Wikileaks Whistleblower Faces Life in Prison After Judge Opts for Maximum Charges

Manning charged with ‘aiding the enemy'; trial to begin September 21

Military judge Col. Denise Lind refused to dismiss the most serious charges against Army Private Bradley Manning, accused of leaking classified documents for transparency website Wikileaks. Thursday night Lind announced she was rejecting the motion made by the defense to throw out the charge of “aiding the enemy”. Manning will now face a maximum penalty of life in prison.

PFC Bradley Manning is escorted by military police as he departs the courtroom at Fort Meade, Maryland on April 25. (AFP Photo/Jim Watson)

Manning’s attorney David Coombs maintains that there will be no proof that Manning intended to help al-Qaida when he allegedly leaked the classified material to Wikileaks.

“Everything we know about Bradley Manning is the complete opposite of this charge — nothing about aiding the enemy but everything about aiding the public’s understanding of an unpopular war,” stated Jeff Paterson, of the Bradley Manning Support Group.

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From Veterans For Peace:

WE MUST SUPPORT OUR WHISTLE BLOWERS!  WITHOUT THEM, HOW WILL WE KNOW WHAT’S REALLY GOING ON?  FREE BRADLEY MANNING!

I was among several VFPers who attended the pre-trial hearing for Bradley Manning this week.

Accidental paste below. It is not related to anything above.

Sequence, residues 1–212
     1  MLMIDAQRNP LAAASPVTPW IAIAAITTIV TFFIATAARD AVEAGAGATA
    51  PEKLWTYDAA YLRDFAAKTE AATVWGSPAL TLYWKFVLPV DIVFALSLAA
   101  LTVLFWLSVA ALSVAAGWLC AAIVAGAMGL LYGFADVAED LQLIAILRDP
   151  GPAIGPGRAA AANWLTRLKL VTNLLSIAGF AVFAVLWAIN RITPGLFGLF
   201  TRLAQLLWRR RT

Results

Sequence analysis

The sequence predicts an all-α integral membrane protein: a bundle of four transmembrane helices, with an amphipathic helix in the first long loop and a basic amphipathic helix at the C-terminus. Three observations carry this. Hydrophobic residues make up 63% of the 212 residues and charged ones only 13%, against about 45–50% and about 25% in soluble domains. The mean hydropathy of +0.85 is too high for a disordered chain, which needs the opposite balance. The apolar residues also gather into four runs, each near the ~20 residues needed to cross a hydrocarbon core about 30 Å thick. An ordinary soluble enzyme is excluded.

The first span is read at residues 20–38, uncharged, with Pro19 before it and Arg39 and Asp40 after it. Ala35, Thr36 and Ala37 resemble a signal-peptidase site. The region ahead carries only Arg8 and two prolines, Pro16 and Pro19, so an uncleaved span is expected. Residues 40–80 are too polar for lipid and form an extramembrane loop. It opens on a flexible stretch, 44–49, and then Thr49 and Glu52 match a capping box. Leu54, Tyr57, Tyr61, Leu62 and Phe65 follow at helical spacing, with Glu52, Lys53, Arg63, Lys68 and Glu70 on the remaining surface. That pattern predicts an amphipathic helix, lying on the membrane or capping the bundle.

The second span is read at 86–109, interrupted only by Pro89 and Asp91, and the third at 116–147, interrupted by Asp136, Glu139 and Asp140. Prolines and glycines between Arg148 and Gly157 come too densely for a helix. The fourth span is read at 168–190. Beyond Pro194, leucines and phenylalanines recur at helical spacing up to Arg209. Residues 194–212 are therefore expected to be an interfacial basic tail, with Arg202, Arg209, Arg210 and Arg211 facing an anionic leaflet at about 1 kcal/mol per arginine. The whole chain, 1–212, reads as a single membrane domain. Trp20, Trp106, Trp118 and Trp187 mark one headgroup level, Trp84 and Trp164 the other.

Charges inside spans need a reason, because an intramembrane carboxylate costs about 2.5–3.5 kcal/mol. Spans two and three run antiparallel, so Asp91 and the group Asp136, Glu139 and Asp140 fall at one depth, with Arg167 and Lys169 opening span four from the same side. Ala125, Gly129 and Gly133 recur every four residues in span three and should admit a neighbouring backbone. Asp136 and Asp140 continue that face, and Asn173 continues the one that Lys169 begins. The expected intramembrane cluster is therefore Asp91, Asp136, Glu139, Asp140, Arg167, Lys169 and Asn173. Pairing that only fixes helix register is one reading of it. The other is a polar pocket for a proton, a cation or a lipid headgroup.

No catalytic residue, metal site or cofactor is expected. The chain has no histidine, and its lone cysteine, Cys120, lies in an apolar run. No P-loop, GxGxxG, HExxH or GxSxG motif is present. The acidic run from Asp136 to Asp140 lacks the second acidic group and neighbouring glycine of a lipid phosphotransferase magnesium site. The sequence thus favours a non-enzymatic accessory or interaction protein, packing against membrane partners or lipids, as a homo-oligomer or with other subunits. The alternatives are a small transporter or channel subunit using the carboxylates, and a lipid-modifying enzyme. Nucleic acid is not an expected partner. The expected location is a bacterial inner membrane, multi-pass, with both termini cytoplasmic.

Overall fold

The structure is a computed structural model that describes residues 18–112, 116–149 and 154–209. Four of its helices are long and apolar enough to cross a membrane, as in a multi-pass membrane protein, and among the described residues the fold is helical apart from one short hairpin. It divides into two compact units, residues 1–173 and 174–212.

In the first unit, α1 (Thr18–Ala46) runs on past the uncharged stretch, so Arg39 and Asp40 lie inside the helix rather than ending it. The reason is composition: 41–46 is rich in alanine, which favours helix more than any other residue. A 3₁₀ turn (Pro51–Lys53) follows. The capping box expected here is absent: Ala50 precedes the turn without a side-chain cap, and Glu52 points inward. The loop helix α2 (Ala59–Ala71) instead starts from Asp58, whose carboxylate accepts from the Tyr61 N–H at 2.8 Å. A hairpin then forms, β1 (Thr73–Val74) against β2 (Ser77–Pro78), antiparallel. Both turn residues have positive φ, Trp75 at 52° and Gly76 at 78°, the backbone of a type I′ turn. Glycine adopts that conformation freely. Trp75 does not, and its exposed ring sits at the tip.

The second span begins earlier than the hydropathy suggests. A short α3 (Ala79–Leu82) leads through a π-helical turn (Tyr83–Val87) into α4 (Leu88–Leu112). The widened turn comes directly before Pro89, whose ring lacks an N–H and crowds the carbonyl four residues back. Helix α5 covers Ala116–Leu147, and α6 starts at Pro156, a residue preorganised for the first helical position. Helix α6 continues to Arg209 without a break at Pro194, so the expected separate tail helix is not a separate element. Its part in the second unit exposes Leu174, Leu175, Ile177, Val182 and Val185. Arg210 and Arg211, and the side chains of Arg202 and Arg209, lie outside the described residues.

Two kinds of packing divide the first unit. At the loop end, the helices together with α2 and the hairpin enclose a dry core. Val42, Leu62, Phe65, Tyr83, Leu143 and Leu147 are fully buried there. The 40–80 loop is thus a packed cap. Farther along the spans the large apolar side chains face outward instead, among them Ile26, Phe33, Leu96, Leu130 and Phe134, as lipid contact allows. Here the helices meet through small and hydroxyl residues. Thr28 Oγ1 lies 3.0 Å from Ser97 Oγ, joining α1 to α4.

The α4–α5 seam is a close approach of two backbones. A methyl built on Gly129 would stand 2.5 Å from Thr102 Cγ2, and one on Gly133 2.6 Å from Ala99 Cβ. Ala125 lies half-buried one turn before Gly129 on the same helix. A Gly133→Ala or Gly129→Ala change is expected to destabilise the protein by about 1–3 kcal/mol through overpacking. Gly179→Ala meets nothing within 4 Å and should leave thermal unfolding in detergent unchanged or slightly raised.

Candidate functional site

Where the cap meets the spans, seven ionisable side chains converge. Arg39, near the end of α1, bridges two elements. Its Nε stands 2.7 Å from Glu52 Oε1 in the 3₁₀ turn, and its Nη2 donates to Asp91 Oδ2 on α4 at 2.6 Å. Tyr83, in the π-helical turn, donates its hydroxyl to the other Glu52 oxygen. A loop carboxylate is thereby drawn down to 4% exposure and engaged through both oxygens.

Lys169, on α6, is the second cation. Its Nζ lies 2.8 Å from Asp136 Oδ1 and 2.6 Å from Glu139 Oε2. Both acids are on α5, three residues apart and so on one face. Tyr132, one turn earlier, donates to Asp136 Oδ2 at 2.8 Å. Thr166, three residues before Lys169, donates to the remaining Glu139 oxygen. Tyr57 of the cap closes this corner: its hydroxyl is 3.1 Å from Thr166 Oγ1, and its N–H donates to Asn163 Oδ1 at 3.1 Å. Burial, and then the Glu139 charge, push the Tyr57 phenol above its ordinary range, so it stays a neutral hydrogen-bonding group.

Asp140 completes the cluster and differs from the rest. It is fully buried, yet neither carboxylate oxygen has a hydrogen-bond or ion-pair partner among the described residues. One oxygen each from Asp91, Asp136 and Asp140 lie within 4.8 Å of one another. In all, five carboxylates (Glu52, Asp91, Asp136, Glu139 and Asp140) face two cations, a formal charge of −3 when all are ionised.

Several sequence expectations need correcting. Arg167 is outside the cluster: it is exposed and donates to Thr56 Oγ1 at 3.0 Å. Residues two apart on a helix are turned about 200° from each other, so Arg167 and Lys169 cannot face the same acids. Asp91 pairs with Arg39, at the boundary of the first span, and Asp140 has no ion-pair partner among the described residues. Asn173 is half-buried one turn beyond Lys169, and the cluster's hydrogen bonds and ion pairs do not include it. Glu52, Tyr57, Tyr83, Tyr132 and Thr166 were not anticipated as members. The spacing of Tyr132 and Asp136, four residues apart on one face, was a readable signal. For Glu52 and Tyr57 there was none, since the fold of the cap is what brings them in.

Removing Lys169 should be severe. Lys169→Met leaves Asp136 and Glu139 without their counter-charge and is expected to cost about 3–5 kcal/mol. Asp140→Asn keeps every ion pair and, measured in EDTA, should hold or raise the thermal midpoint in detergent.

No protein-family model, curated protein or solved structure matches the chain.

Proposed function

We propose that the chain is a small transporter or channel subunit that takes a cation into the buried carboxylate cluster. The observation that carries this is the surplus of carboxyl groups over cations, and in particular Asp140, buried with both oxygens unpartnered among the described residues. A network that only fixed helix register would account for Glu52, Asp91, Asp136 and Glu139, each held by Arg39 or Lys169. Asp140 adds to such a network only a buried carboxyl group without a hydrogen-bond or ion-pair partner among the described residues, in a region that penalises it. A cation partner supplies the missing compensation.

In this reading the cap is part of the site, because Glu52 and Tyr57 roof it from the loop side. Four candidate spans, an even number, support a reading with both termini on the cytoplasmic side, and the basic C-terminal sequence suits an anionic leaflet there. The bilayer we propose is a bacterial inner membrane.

We were part of a group of 25 supporters who filled the court room each day of the three-day hearing.  We all wore black t-shirts emblazoned on the front in white with only one word, TRUTH.
Bradley looked good – healthy, relaxed, fully engaged with his civilian and military lawyers, occasionally offering an observation with a smile.
At the end of the hearing today, many of us shouted out greetings to Bradley, and one person said, “Aiding the public is not aiding the enemy.”

David Coombs, Bradley’s lead lawyer, put up a brilliant full-court press, submitting well argued motions for dismissing all charges, dismissing the most serious Aiding the Enemy charge, dismissing unreasonably multiplipied charges, compelling testimony from the secret Grand Jury hearings against Wikileaks, and requesting access to Defense and State Dept. “damage assessments” that reportedly show little to no serious damage from the Wikileaks releases.
The military judge denied all defense motions but did make some clarifications and concessions that may be helpful. Most significantly, perhaps, she said that the prosecution would have to prove that Bradley intended to release classified information to “the enemy,” which the government has defined as Al Quaida in the Arabian Peninsula.

See news reports and commentary, below.
The Bradley Manning Support Network put up ads in 21 metro stations in Washington, DC this week, after raising $14,000 dollars from 400 to do so. They can now be seen by tens of thousands of DC commuters, including employees of the Defense and State departments, among others.

The ad defines the word, “Whistle-blower” as “noun, a person who tells the people what the government does not want them to know.  See also, Hero, Patriot, Bradley Manning.”  with Bradley’s photo.

Check out the following three articles on Bradley Manning’s pre-trial hearing this week.  


David House was interviewed today on MSNBC. See below.

Bradley Manning judge warns military prosecutors in WikiLeaks case
UK Guardian

The Government’s Warning To Bradley Manning and Others:  Tell On Us and We Will Put You Behind Bars for the Rest of Your Life
by Ann Wright